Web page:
Supporters of the Dream Act hope to convince a majority of Maryland voters to go along with them on this Election Day.
A referendum will determine whether undocumented immigrants will get the benefit of in-state tuition. Some believe the path to a better life in the U.S. is education.
"All I do is feel American," says Francisco Cartagena, who came to the U.S. as a baby. He says without in-state tuition he won't have his American dream.
"For me it means being able to attend a school and being able to pay it and simply achieving my goal of becoming an international finance major," says Cartagena.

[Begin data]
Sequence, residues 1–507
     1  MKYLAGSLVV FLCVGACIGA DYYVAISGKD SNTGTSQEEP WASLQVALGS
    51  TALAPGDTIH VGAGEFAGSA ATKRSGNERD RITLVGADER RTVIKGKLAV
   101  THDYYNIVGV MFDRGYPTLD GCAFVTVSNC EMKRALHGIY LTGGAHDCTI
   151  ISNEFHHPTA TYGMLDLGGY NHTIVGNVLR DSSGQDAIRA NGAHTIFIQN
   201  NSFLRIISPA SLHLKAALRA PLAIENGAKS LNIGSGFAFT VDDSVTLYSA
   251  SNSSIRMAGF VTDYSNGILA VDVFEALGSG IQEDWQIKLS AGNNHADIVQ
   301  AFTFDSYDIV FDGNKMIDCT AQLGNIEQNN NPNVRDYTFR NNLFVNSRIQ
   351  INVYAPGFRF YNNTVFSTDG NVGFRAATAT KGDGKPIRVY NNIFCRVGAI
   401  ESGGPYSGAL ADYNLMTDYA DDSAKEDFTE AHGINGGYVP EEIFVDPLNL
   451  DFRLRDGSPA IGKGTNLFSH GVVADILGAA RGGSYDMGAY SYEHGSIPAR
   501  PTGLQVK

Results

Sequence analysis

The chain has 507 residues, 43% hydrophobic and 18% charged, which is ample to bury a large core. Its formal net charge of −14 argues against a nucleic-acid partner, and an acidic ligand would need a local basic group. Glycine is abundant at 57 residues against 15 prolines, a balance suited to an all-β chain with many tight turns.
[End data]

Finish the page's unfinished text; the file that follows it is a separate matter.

Supporters of the Dream Act say the immigrants aren't going anywhere so they might as well get a shot at becoming a better educated resident, even if it does come at the expense of taxpayers.
"I have family that are illegal immigrants and I believe that everyone is entitled to an education whether you are an illegal immigrant or not," says Sarahi Islas, a student at the University of Maryland.
But the issue has proven divisive and controversial. Some state residents question the wisdom of giving undocumented immigrants discounted tuition, but at the University of Maryland, even some citizens who pay out-of-state tuition think it's just time to give them a tuition break.
"I absolutely think they need in-state tuition, especially if they completed high school in the area. There is no reason not to give them in-state tuition," says Annie Holt, a student.